Explanation of Wireless Vs. Wired Printers
By David Weedmark
Updated August 23, 2018
If you are considering a new printer for your home or office, or just looking to get more from your current printer, both wired and wireless printers have their advantages and disadvantages. Many printers on the market today come ready to be connected both wirelessly or through a cable. Understanding the benefits and limitations of each technology will help you determine which is the right for you.
There are two types of wireless printers available today. A Bluetooth printer can be connected to any Bluetooth-capable computer. Its main benefit is that it can be placed several yards from your computer and still work without having a cable draped across your desk. A Wi-Fi printer connects wirelessly to a Wi-Fi router, so it can be accessed by any computer on that network; its main advantage is that it's easily shared by many workers. Disadvantages of Wi-Fi printers include slow print times and print errors if the network is busy or if there is interference in the network. A Wi-Fi printer also opens a new door to anyone accessing your network if your security is lacking. Of course, a wireless printer isn't completely wireless. Unless it's battery-operated, it still needs a power cord.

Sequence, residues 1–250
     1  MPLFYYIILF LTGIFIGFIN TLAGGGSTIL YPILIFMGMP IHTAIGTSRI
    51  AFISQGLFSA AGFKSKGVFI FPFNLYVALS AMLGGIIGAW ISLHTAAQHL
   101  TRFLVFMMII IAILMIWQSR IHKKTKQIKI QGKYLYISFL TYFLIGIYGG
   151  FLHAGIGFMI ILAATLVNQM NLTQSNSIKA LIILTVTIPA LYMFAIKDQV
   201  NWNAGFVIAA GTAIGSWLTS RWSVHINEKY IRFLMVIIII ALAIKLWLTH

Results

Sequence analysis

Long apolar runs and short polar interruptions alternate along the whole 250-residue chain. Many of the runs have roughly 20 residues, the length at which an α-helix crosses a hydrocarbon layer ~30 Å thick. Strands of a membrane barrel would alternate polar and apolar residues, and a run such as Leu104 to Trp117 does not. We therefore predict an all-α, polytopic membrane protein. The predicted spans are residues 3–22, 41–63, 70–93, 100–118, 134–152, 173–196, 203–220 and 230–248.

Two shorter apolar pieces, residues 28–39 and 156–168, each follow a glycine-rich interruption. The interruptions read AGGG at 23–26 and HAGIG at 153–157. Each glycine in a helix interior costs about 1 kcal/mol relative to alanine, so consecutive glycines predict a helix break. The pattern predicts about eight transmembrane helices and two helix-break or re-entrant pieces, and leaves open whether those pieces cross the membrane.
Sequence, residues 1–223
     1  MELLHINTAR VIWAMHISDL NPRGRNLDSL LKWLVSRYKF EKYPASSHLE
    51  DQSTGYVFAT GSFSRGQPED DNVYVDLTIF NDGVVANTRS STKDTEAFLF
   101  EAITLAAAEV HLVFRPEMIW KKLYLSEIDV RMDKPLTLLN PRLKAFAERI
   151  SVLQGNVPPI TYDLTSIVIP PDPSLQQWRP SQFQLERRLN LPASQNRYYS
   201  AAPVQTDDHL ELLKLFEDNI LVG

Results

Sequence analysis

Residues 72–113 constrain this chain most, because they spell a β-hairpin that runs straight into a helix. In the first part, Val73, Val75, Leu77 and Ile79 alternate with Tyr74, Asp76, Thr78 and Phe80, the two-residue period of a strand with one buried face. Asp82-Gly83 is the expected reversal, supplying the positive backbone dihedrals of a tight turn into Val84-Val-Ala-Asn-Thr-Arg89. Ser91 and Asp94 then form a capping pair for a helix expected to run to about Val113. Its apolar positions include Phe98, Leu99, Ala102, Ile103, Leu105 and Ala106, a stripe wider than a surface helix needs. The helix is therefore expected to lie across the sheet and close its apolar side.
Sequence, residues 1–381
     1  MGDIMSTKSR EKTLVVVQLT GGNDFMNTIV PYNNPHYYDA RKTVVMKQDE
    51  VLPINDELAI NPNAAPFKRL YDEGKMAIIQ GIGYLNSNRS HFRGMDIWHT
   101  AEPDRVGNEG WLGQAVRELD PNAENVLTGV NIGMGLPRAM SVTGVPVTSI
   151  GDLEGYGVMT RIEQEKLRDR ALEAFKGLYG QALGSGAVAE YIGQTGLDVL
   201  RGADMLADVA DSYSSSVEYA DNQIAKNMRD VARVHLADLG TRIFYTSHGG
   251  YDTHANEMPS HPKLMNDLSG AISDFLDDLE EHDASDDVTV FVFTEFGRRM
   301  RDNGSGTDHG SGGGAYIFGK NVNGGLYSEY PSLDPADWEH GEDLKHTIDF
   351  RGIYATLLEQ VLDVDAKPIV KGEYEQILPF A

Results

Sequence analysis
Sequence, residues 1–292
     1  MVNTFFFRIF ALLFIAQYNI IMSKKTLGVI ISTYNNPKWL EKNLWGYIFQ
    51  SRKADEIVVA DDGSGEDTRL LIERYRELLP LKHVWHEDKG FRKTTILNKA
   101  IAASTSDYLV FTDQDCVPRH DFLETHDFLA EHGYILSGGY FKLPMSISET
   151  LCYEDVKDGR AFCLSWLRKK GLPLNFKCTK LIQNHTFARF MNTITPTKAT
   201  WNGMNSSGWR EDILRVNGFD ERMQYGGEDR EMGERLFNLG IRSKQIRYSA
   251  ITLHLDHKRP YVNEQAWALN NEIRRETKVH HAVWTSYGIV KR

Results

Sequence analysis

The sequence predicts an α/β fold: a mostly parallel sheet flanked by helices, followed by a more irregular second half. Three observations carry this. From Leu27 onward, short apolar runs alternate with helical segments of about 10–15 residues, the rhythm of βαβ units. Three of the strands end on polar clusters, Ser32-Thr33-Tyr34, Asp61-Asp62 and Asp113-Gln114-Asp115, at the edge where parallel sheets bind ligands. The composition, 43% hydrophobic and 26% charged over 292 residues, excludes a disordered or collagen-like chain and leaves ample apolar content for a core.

Wired printers connect directly to a computer with a cable. Most printers today use a USB cable, while older printers and computers connect with a specialized printer port. The main benefit of a wired printer is that print jobs can be sent quickly without worrying about the interference or signal loss that may affect wireless printers. Wired printers are also more secure, as they can't be accessed unless you are logged in to the computer. You can share a wired printer with other computers on the same network, provided the computer is on and printer sharing has been enabled on the operating system.
Most USB printers can be converted to a wireless printer with an adapter. Both Wi-Fi and Bluetooth adapters are available from printer manufacturers as well as third-party manufacturers. Before purchasing one, you should first make sure that the adapter will work with your printer. The manufacturer's product description will tell you if it works with all printers or only specific models. You will also need to install the printer software on each computer you want to connect to the printer.
If you don't have a Wi-Fi router, or if you don't want to worry about wireless signal degradation, an Ethernet printer is a good option for sharing one printer with more than one computer. Ethernet printers attach to an Ethernet router or hub on your network using an network interface card just like those found on most computers. Even if you have a Wi-Fi router, most router models come with at least one Ethernet port on the back that you can use to connect to the printer.
A published author and professional speaker, David Weedmark has advised businesses and governments on technology, media and marketing for more than 20 years. He has taught computer science at Algonquin College, has started three successful businesses, and has written hundreds of articles for newspapers and magazines throughout Canada and the United States.